Blame the metal, not the nanotubes

BROWN (US)—Carbon nanotubes offer promising new treatment options for neurological disorders such as epilepsy, Parkinson’s disease, and perhaps even paralysis. The problem is they appear to interfere with critical signals in neurons. A new study, however, says don’t blame the tubes.

A team of Brown University researchers report in the journal Biomaterials that the metal catalysts used to form the tubes are the culprits, and that minute amounts of one metal—yttrium—could impede neuronal activity.

The findings mean that carbon nanotubes without metal catalysts may be able to treat human neurological disorders, although other possible biological effects still need to be studied. Recent research has shown that carbon nanotubes may help regrow nerve tissue or ferry drugs used to repair damaged neurons.

“We can purify the nanotubes by removing the metals,” says Lorin Jakubek, a Ph.D. candidate in biomedical engineering and lead author of the paper, “so, it’s a problem we can fix.”

Jakubek took single-walled carbon nanotubes to the laboratory of Diane Lipscombe, a Brown neuroscientist. The researchers zeroed in on ion channels located at the end of neurons’ axons. These channels are gateways of sorts, driven by changes in the voltage across neurons’ membranes.

When an electrical signal, known as an action potential, is triggered in neurons, these ion channels “open,” each designed to take in a certain ion. One such ion channel passes only calcium, a protein that is critical for transmitter release and thus for neurons to communicate with each other.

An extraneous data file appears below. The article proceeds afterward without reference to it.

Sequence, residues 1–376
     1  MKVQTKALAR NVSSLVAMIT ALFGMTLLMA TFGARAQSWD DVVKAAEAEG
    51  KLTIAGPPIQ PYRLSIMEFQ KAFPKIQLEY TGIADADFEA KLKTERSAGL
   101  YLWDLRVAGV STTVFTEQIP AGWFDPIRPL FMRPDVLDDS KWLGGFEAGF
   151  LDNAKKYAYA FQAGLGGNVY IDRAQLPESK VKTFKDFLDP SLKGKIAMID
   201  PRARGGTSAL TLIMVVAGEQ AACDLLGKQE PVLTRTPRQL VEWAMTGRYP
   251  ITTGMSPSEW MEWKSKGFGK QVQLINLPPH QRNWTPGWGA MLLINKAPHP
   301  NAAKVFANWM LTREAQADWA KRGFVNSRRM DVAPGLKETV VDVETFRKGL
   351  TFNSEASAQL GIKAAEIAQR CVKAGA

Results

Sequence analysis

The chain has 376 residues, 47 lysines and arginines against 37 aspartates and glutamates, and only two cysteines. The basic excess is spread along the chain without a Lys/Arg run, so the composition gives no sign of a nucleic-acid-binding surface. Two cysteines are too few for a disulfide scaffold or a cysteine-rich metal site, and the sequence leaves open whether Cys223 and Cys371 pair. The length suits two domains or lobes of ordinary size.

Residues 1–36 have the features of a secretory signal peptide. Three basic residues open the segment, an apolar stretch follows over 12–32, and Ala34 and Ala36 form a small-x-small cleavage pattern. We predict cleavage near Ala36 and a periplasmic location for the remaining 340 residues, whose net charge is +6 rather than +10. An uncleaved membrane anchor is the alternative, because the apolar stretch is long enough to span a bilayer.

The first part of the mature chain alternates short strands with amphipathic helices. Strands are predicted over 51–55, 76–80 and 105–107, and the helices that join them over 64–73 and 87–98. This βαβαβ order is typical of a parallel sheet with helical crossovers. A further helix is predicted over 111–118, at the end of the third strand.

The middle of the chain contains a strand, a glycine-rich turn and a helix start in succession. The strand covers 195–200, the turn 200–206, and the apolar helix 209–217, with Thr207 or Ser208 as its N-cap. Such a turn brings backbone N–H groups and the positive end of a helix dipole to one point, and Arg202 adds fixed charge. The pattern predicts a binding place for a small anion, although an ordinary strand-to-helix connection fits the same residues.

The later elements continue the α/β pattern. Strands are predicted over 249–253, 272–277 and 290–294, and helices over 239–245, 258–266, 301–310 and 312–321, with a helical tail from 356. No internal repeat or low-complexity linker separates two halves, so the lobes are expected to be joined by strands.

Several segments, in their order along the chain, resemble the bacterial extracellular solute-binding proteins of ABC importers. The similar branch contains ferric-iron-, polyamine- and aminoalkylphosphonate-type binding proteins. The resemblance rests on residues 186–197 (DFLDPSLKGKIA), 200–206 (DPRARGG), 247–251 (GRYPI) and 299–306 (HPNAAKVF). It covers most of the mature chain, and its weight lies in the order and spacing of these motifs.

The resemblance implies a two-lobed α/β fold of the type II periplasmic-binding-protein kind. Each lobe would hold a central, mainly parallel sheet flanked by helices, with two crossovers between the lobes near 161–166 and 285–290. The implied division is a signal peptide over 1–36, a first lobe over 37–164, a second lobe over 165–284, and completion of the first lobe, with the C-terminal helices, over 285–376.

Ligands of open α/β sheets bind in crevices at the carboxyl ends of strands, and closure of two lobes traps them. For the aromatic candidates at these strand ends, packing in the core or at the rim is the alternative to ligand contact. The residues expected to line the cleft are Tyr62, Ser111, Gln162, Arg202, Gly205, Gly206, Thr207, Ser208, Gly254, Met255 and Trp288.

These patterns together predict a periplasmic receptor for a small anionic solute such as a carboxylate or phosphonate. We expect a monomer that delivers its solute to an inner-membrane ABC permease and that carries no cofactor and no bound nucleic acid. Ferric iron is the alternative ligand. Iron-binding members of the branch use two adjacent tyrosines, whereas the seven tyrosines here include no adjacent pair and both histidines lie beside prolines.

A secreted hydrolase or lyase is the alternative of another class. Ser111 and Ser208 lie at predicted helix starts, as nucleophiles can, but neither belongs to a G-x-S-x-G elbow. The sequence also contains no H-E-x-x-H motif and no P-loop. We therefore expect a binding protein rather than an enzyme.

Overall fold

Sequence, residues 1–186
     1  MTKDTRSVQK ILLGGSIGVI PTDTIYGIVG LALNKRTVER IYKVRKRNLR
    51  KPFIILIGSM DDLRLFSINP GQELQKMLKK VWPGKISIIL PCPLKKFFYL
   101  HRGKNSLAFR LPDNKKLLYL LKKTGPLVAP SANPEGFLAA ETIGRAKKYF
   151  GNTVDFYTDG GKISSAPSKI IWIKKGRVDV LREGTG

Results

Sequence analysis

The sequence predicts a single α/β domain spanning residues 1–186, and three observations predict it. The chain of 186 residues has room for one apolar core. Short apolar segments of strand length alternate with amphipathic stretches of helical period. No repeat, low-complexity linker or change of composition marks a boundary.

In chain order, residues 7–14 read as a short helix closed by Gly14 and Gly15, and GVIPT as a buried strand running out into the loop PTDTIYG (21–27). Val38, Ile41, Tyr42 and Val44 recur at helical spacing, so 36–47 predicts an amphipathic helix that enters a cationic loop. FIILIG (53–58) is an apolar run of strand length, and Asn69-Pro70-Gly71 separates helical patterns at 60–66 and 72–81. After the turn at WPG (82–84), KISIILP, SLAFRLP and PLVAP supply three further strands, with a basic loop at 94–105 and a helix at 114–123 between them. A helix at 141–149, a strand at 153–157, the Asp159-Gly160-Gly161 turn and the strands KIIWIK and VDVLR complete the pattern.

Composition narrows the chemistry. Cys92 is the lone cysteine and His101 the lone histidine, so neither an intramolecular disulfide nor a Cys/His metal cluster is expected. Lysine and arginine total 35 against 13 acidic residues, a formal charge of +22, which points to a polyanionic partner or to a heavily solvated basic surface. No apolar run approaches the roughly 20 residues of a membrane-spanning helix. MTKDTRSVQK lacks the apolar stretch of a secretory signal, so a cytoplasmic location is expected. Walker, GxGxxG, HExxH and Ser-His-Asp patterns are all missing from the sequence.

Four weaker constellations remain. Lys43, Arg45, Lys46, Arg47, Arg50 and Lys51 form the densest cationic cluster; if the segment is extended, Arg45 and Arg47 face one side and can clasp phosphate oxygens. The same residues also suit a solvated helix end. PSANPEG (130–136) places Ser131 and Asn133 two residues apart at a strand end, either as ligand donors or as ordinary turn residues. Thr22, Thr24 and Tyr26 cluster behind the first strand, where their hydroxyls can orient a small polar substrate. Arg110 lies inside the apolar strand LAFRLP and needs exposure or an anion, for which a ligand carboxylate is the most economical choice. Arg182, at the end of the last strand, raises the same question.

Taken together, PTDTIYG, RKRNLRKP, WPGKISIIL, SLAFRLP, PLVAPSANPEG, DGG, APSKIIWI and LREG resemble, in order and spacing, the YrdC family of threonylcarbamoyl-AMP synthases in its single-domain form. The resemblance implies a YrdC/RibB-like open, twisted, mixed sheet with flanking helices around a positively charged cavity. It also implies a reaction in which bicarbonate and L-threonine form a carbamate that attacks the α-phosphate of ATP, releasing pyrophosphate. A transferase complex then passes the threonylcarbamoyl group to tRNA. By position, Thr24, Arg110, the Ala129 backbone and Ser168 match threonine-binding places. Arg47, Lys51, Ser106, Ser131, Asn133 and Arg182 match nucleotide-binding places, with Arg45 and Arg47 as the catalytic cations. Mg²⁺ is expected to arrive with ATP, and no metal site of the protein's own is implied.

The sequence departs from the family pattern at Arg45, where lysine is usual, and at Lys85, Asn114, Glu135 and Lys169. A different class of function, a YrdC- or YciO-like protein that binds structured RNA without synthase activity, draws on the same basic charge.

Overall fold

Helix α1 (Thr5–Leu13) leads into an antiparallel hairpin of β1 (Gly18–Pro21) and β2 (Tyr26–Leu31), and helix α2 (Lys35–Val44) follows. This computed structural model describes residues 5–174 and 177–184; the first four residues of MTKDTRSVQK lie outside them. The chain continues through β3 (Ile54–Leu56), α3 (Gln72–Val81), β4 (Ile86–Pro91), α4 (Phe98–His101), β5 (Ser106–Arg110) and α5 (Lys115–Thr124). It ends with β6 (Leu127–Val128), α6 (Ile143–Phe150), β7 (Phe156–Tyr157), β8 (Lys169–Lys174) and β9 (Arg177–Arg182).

In experiments using cloned calcium ion channels in embryonic kidney cells, the scientists discovered that nickel and yttrium, two metal catalysts used to form the single-walled carbon nanotubes, were interfering with the ion channel’s ability to absorb the calcium.

Because its ionic radius is nearly identical to calcium’s, yttrium in particular “gets stuck and prevents calcium from entering and passing through. It’s an ion pore blocker,” says Lipscombe, who specializes in neuronal ion channels and is a corresponding author on the paper.

The experiments showed that yttrium in trace amounts—less than 1 microgram per milliliter of water—may disrupt normal calcium signaling in neurons and other electrically active cells, an amount far lower than what had been thought to be safe levels. With nickel, the amount needed to impede calcium signaling was 300 times higher.

“Yttrium is so potent that . . . a very low nanotube dose” would be needed to affect neuronal activity, says Robert Hurt, professor of engineering and a corresponding author on the paper.

Jakubek says she was surprised that the metals turned out to be the cause. “Based on the literature, I thought it would be the nanotubes themselves.”

The National Institutes of Health, the National Science Foundation, and the U.S. Environmental Protection Agency funded the research.

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